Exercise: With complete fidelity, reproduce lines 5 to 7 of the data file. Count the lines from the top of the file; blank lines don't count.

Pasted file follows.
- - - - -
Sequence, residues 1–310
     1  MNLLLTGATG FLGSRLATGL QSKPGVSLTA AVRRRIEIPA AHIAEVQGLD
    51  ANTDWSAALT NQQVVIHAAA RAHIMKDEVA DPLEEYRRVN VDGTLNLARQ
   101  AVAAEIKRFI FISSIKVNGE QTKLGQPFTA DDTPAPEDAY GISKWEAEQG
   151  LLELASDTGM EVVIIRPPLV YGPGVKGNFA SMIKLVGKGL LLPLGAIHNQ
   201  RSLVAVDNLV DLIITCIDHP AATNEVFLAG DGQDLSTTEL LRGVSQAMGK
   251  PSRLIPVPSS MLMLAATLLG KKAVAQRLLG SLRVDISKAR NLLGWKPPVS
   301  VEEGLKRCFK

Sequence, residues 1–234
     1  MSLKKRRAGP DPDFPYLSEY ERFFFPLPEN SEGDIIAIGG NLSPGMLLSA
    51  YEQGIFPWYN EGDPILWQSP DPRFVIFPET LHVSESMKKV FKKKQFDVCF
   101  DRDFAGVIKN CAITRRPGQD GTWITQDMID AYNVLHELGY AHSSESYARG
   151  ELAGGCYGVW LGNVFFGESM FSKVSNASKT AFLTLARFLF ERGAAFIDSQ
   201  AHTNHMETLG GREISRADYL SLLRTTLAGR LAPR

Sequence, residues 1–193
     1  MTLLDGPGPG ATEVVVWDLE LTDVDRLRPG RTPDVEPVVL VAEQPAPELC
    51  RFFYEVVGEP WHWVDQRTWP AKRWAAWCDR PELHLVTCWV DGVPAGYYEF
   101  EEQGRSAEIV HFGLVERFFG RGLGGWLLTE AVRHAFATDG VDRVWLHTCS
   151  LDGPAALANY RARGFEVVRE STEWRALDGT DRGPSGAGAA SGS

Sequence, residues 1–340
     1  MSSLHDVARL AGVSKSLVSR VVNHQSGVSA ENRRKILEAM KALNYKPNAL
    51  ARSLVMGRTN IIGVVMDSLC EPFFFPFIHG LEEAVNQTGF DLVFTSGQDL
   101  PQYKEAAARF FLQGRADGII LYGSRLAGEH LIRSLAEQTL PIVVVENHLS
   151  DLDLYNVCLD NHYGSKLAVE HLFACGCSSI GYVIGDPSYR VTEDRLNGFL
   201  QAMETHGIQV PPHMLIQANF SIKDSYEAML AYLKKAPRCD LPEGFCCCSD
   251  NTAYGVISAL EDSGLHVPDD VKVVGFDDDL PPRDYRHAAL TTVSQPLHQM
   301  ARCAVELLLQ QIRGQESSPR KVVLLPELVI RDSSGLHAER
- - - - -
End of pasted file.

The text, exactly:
   151  LLELASDTGM EVVIIRPPLV YGPGVKGNFA SMIKLVGKGL LLPLGAIHNQ
   201  RSLVAVDNLV DLIITCIDHP AATNEVFLAG DGQDLSTTEL LRGVSQAMGK
   251  PSRLIPVPSS MLMLAATLLG KKAVAQRLLG SLRVDISKAR NLLGWKPPVS